A Python 3 timestamp and date decoder/encoder.

time-decode Documentation

I noticed a lack of timestamp conversion utilities in a number of different linux systems. Since I happen to use linux in my day-to-day work I thought this would help.

This was developed with the Digital Forensics field in mind, so all of the testing has been done with the up-to-date SIFT Kit from SANS. If you have any questions, suggestions, helpful thoughts of any kind, please feel free to drop me a line.

This python script provides the following conversions from existing timestamps:

  • 128-bit SYSTEMTIME

  • 32-bit MS-DOS time, result is Local

  • Active Directory value

  • Bitwise decimal 10-digit

  • BPlist (as NSDate)

  • Cocoa Core (as NSDate)


  • Discord URL

  • exFAT

  • FAT Date + Time (wFat)


  • GMail Boundary

  • GMail Message ID

  • Google Chrome value

  • Google EI URL (thanks to http://cheeky4n6monkey.blogspot.com/2014/10/google-eid.html)

  • GPS

  • GSM

  • HFS(+) BE, HFS Local, HFS+ UTC

  • HFS(+) LE, HFS Local, HFS+ UTC

  • Hotmail

  • iOS 11+ (as NSDate)

  • KSUID 27-character

  • KSUID 9-digit

  • Mac Absolute Time (as NSDate)

  • Mac OS/HFS+ Decimal Time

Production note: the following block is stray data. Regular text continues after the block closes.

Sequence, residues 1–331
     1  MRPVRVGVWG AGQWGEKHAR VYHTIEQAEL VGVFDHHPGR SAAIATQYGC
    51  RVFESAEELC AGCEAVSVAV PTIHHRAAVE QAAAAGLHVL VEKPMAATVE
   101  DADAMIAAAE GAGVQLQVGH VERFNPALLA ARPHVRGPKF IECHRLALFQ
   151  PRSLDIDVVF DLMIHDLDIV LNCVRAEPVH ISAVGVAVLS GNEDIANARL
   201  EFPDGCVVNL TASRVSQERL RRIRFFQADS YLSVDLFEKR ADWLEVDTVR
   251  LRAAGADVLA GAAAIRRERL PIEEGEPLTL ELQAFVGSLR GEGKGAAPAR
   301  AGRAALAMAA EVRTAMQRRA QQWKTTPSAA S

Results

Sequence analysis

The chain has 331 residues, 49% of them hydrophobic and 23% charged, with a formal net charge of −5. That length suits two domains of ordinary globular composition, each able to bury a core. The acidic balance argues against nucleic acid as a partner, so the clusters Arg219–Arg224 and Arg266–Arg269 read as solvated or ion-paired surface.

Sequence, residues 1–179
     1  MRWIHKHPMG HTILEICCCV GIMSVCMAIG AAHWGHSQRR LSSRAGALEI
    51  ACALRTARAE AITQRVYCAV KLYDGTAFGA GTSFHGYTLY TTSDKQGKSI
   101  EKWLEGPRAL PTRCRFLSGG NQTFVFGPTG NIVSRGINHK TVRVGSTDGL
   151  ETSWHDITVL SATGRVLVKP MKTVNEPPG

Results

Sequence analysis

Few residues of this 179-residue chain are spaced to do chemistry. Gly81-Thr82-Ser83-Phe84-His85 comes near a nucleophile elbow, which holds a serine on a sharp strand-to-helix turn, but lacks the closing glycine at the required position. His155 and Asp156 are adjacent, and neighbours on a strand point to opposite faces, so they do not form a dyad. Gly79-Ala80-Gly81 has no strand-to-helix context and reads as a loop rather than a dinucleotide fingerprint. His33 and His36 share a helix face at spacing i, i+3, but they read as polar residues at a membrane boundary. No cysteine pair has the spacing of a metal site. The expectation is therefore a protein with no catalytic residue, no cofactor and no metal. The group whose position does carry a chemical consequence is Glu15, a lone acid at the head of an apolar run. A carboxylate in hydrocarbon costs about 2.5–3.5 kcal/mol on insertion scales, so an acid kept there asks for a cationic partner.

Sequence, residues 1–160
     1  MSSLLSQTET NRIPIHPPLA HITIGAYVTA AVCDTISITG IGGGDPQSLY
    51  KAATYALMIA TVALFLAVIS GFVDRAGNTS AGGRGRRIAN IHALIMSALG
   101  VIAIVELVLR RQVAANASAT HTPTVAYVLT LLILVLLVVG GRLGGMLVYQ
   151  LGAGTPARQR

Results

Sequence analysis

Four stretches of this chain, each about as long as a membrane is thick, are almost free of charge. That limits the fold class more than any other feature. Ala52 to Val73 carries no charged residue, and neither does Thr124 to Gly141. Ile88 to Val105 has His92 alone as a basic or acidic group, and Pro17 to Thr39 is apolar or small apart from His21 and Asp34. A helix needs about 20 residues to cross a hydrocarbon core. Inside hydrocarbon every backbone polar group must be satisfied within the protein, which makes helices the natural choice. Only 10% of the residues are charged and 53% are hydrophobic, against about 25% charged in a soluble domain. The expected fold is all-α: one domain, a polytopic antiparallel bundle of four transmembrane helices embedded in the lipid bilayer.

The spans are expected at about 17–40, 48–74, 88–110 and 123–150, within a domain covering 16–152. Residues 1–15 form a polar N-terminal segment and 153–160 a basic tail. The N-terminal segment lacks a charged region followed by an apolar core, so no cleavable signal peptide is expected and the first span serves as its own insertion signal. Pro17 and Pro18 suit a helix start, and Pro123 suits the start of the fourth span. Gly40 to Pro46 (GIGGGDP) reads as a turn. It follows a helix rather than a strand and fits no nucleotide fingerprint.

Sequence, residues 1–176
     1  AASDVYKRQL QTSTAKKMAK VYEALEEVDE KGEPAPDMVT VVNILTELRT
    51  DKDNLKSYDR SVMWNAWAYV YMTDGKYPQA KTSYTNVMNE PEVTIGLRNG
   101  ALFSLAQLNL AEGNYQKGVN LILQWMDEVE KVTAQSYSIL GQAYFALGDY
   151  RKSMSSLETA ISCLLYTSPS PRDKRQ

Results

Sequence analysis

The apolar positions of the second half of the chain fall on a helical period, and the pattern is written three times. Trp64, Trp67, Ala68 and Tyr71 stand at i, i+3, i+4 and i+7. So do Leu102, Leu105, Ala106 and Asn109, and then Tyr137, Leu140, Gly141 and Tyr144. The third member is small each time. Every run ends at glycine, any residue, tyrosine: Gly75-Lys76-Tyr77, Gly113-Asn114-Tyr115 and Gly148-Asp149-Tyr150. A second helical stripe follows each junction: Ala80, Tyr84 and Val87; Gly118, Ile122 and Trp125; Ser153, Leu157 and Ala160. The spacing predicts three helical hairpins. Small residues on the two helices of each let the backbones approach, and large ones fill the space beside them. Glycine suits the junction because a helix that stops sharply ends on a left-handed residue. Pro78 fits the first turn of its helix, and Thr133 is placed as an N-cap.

• Mastodon URL

  • Metasploit Payload UUID

  • Motorola's 6-byte

  • Mozilla's PRTime

  • MS Excel 1904 Date

  • .NET DateTime

  • Nokia 4-byte

  • Nokia 4-byte LE

  • Nokia S40 7-byte

  • Nokia S40 7-byte LE

  • OLE Automation Date

  • Samsung/LG 4-byte

  • Sonyflake URL (Sony version of Twitter Snowflake)

  • Symantec's 6-byte AV

  • TikTok URL

  • Twitter URL

  • Unix Hex 32-bit BE

  • Unix Hex 32-bit LE

  • Unix Milliseconds

  • Unix Seconds

  • UUID

  • VMWare Snapshot (.vmsd)

  • Windows 64-bit Hex BE

  • Windows 64-bit Hex LE

  • Windows Cookie Date (Low,High)

  • Windows OLE 64-bit BE (SRUM as well)

  • Windows OLE 64-bit LE

Note that HFS times are in Local Time, where HFS+ times are in UTC. MS-DOS 32 bit Hex values and MS-DOS FAT Date+Time are also in Local Time of the source generating the timestamp. All other times, unless expressly mentioned, are in UTC.

I have added a feature to 'guess' in what format the timestamp is that you've provided. This will run the timestamp you provide against all methods, and provide an output if human-readable. There is also the ability to convert a date-time to all of the aforementioned timestamps. Simply use the following command:

time-decode --timestamp "2017-06-02 13:14:15.678" or for timezones use: time-decode --timestamp "2017-06-02 13:14:15 -5"

The date/time you enter should be in the "YYYY-mm-dd HH:MM:SS.sss" format with the double-quote included, but does not require milli/micro/nano seconds to work. (Double-quote required for Windows Python) If anyone has any other timestamps they think should be added to this tool, please let me know.

References/Sources for all material can be found in the References section and in the docstrings in the python script.

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